The last time I blogged here at ALSC, I started what I hope will become a series on Childhood Trauma, abuse, neglect, ACES. It is hard stuff to hear. Since writing that first blog post, I’ve taken part in training for mandatory reporters of child abuse and neglect in the state of California, which further deepened my commitment to doing whatever I can to raise awareness in libraries of this painful and pervasive issue.
I have read two good articles in the past month on Childhood Trauma: A Child Trends article on implementing trauma-informed care to build resilience, and a Harvard University Center on the Developing Child article also on resilience. The Child Trends article defines resilience as “positive child outcomes despite exposure to trauma, prevention of trauma recurrence despite high risk for further exposure, or avoidance of traumatic experiences altogether in the face of significant risk.” (Bartlett, 2019). In other words, resilience is the factor that keeps kids thriving even if they have exposure or the potential exposure to childhood trauma. Thriving children and families are the ultimate outcome of all of our work as children’s librarians! We want to do all we can to build up the factors that lead to resilience!
I believe that we are uniquely situated, especially in our early childhood programming, to help families build resilience to trauma. Our youngest patrons are our most at risk. Bartlett states “Trauma exposure often begins early in life. Young children are at the highest risk for exposure to trauma and are most vulnerable to its adverse effects. An estimated half of all children in the United States—approximately 35 million—are exposed to at least one type of trauma prior to their eighth birthday. For example, child abuse and neglect are most common among children younger than age 3. Children under age 5 are most likely to incur injuries from falls, choking, and poisoning, and represent the majority of children who witness domestic violence.” (Bartlett, 2019).
Both articles affirm that one element is by far the most important in developing resilience to childhood trauma: the presence of “at least one stable and committed relationship with a supportive parent, caregiver, or other adult” (Center on the Developing Child, n.d.). The Child Trends article identifies additional factors that we who work with children and families can provide to help support resilience (Bartlett, 2019):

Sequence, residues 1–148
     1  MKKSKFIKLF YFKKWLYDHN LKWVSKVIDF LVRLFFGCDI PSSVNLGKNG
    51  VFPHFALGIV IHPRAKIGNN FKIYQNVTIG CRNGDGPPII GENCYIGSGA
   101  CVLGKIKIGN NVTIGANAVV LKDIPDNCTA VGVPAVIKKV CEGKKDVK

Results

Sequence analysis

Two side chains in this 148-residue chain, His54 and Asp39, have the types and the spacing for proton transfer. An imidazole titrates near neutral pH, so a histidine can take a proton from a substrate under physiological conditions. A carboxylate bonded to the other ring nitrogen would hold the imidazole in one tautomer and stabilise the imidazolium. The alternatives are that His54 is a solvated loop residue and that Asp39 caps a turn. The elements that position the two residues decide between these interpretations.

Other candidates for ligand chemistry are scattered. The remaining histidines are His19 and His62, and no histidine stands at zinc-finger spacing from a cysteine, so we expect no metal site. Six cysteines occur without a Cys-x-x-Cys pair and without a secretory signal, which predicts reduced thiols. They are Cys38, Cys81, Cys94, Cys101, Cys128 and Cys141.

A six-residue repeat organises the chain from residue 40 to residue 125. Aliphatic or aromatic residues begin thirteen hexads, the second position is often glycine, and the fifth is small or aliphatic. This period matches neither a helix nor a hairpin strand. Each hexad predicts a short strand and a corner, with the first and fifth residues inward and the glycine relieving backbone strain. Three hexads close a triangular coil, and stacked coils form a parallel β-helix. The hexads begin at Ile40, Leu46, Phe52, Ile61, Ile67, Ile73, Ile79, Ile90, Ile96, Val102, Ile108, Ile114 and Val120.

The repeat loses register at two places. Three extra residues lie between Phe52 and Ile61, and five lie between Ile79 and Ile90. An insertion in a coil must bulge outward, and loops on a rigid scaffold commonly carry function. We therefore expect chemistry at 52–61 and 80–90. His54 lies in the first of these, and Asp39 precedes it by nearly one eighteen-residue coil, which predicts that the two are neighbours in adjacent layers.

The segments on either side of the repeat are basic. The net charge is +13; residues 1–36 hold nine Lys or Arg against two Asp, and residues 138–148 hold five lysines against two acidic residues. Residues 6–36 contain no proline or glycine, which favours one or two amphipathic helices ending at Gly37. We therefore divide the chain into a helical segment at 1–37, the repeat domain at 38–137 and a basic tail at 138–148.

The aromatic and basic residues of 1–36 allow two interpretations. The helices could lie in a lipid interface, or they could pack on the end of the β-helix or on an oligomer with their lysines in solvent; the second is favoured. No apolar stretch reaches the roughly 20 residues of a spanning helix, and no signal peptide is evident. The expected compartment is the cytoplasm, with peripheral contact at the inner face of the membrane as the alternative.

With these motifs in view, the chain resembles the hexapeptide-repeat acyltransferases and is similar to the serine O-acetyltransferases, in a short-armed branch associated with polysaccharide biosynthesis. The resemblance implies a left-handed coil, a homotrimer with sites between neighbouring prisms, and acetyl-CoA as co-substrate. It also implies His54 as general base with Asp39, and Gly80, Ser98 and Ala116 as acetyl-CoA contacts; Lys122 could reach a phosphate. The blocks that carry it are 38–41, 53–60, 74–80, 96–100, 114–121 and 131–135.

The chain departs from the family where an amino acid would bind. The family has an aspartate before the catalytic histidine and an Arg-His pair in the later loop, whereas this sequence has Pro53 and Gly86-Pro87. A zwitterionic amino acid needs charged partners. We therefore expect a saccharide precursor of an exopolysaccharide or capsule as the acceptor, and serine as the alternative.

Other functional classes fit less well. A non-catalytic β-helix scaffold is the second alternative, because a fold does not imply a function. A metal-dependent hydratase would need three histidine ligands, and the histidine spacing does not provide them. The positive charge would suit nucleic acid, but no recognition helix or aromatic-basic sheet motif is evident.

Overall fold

- facilitating supportive adult-child relationships;
- building a sense of self-efficacy and perceived control;
- providing opportunities to strengthen adaptive skills and self-regulatory capacities; and
- mobilizing sources of faith, hope, and cultural traditions.
In my mind, storytime and other library programming is a perfect venue strengthen those resilience building factors for our patrons. When I think about storytime, I think of a time when caregivers are physically and emotionally close to their children, where children are listening and responding and being listened and responded to, where they practice self-control and where caregivers and children alike are strengthened by social interactions. Additionally, what is more a source of hope than a good book?
Knowing the enormous prevalence of childhood abuse, neglect, and trauma, how better could we tailor our programs to address the needs of those impacted? How can we use our unique positions in the community to intentionally strengthen resilience?
Share your thoughts in the comments!
Bartlett, Jessica Dym and Kate Steber. How to Implement Trauma-Informed Care to Build Resilience to Childhood Trauma. (2019, May 9.) Child Trends. https://www.childtrends.org/publications/how-to-implement-trauma-informed-care-to-build-resilience-to-childhood-trauma
Center on the Developing Child. (n.d.) Resilience. https://developingchild.harvard.edu/science/key-concepts/resilience/